We’re pleased to see evidence we provided to a wide-ranging inquiry into student mental health support in Wales has been included in recommendations to the Welsh Government.

We responded to a consultation by the Senedd’s Children, Young People and Education Committee into the effectiveness of higher education mental health provision.

Our submission included a call for the Welsh Government to follow the Scottish Government in funding additional counsellors in Scotland’s colleges and universities.

Qualified counsellors

We said that Wales should invest in “university counselling services, delivered by qualified counsellors working within a whole system approach to mental health”.

In our submission we also said that as no single intervention works for all students, and that many students who face difficulties do not seek support, the most effective strategy was to take a “whole-university approach” which will improve outcomes for all of the university.

And we said that a whole institution approach goes wider than providing mental health support, but was about “taking a multi-stranded approach” recognising that “all aspects of university life can support and promote mental health and wellbeing”.

Jo Holmes, our Children, Young People and Families Lead, said: “We’re delighted to see the recommendations from our response to the committee inquiry directly referenced in this report.

“We know that student mental health has suffered over the past few years, and students have been disproportionately affected by the impacts of the pandemic and cost of living crisis.

Counselling and psychotherapy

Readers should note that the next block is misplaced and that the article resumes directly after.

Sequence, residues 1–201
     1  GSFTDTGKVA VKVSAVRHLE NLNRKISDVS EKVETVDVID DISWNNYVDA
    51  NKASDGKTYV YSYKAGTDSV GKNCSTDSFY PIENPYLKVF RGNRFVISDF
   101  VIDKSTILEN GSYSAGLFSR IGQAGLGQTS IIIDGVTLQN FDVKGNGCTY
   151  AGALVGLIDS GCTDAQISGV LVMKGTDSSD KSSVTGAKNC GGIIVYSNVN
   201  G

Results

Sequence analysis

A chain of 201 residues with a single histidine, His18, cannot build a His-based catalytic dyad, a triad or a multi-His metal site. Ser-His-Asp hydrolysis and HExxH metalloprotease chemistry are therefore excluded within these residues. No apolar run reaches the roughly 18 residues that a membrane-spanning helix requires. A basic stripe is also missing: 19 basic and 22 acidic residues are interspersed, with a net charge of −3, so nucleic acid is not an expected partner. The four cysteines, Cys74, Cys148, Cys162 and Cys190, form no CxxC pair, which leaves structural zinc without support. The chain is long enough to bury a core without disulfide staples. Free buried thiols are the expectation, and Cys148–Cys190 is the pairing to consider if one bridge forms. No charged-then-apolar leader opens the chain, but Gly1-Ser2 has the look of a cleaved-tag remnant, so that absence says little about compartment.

“We hope that this report will be the catalyst for further investment in mental health services, including counselling and psychotherapy, for students in Wales.”

The report, titled Mental Health Support in Higher Education, contains 33 recommendations for Welsh Government, and how it should work with the Higher Education Funding Council for Wales (HEFCW) and the incoming Commission for Tertiary Education and Research to meet the needs of Wales's students.

The recommendations cover a wide range of issues such as the impact of the pandemic, mitigating the impact of the cost of living crisis; improved data collection; better information sharing; training and awareness raising for staff and students and more sustainable funding which matches the level of need.

The committee said higher education providers and statutory services in Wales should work together to ensure a consistent level of mental health support so that every student is able to get the best out of their education.

Shared understanding

Top of the priority list for Welsh Government must be the developing of a shared understanding between education providers, healthcare providers and the Welsh Government about the roles and responsibilities for student welfare.

There will need to be a bespoke approach to take account of different types of providers, diversities of student populations, and the differing health boards. This should set out some basic principles underpinning who is responsible for what levels of support, the committee said.

A common framework across the higher education sector should be developed as a priority to set a shared expectation of support tailored to the specific and unique needs of the diverse student population and the institutions they attend, the committee said.

The report Mental Health Support in Higher Education will now be sent to Welsh Government for its consideration.

Influencing decision makers

Meanwhile, we’ve created a guide with suggestions for how members can support our policy and campaigning work.

Our Influencing Guide contains ideas for actions that take a few minutes but could have a significant impact. It also contains information and statistics on our policy objectives in each of the Four Nations to help you draft letters, emails or social media posts to your local MP, MSP, MS or MLA.

Karan Chhabra, our Policy and Public Affairs Officer, said: “We know our members are incredible busy, so we hope our Influencing Guide will support them in grabbing the attention of policymakers to help shape the future of our profession.”